After a raucous discussion, the Providence School Board Thursday night voted 4-3 to send letters of termination to the 1,926 teachers in the city's school district.

More than 700 teachers jammed the high school gymnasium to tell school officials that their hearts were broken, their trust violated and their futures as teachers jeopardized.

"How do we feel? Disrespected," said Julie Letessa, a special needs teacher. "We are broken. How do you repair the damage you have down today?"

Every one of the district's teachers received a certified letter from the school department Thursday informing them that they might be terminated at the end of the school year. It also said that the School Board would vote on the proposed dismissals at Thursday's meeting, which was moved to the career and technical high school to accommodate the huge turnout.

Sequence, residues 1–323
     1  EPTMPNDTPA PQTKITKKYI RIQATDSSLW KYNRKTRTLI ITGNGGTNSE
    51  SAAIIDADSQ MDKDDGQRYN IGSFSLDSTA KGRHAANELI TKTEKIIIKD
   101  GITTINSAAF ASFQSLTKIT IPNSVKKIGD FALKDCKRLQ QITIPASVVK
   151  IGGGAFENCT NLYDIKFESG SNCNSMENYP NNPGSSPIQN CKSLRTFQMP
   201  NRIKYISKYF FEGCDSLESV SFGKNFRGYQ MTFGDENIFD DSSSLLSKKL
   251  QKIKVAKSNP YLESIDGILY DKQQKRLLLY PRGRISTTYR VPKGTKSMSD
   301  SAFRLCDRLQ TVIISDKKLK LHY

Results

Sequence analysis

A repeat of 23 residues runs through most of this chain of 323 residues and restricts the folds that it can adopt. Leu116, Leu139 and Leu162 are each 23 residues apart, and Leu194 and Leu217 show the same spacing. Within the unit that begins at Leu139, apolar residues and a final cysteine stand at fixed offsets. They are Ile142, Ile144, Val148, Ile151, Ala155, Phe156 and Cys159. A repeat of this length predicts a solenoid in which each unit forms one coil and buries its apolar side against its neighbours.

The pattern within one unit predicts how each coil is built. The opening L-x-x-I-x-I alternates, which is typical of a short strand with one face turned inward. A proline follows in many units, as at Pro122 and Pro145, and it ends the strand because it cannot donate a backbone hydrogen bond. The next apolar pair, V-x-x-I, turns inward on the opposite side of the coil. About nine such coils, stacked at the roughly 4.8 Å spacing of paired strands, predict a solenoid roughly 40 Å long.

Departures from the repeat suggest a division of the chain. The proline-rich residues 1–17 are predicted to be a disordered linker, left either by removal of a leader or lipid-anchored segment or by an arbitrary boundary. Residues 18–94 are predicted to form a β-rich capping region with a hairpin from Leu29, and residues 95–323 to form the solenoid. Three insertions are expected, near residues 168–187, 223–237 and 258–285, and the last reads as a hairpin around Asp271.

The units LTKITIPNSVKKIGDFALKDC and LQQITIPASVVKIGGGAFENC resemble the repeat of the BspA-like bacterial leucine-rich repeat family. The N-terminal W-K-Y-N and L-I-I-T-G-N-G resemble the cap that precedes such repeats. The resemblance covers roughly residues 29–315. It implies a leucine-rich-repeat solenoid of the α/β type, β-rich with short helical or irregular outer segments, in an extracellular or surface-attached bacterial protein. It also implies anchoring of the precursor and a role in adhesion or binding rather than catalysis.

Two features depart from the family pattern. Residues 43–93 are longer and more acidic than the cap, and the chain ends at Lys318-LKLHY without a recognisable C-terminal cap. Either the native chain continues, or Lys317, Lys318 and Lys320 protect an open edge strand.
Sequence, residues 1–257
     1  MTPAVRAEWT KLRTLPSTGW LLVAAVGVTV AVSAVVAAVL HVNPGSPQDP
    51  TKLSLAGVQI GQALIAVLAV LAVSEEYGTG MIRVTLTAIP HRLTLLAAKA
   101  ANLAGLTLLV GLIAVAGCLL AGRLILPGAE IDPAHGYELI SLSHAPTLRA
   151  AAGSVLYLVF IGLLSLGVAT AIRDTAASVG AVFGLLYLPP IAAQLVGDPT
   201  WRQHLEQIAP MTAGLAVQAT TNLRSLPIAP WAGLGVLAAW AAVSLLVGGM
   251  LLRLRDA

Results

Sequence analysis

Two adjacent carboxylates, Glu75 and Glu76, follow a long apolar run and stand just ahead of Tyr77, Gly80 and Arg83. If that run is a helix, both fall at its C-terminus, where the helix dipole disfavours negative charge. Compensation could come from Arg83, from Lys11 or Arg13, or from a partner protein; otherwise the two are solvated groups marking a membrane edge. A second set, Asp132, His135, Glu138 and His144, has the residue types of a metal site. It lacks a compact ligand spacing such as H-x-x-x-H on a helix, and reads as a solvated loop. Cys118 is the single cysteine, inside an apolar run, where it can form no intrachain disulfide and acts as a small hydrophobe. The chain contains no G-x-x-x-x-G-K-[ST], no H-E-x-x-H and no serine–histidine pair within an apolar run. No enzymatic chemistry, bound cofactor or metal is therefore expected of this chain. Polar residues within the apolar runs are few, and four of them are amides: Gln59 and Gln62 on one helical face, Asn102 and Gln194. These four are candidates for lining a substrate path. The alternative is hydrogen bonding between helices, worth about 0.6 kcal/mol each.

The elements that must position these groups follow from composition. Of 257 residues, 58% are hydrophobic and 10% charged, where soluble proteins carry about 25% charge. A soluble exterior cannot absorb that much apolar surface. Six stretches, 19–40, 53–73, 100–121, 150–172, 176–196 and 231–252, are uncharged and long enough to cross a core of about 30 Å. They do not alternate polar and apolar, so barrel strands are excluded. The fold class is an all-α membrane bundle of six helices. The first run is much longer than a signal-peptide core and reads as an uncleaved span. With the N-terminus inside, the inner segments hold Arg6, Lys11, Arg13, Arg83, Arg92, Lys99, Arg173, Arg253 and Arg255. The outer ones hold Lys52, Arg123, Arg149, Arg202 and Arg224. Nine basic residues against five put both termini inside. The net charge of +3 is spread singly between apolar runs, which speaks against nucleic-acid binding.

In Wisconsin, the projected deficit for fiscal year 2012 is considerably higher than Rhode Island’s—$1.8 billion compared to $290 million, according to the Center on Budget and Policy Priorities. But when the deficit is viewed as a percent of their respective 2011 budgets, the two states are closer. In Wisconsin, the 2012 deficit equals 12.8 percent of what is being spent in the current year. In Rhode Island, the deficit is 9.9 percent.

When it comes to unfunded pension liabilities, however, Rhode Island is actually worse off than Wisconsin. The Badger State has an unfunded pension liability in the millions, while Rhode Island’s liability is in the billions—$252.6 million versus $4.3 billion, according to the Pew Center on the States. The center rates Wisconsin’s state pension system as a “solid performer” while Rhode Island is labeled as having “serious concerns.”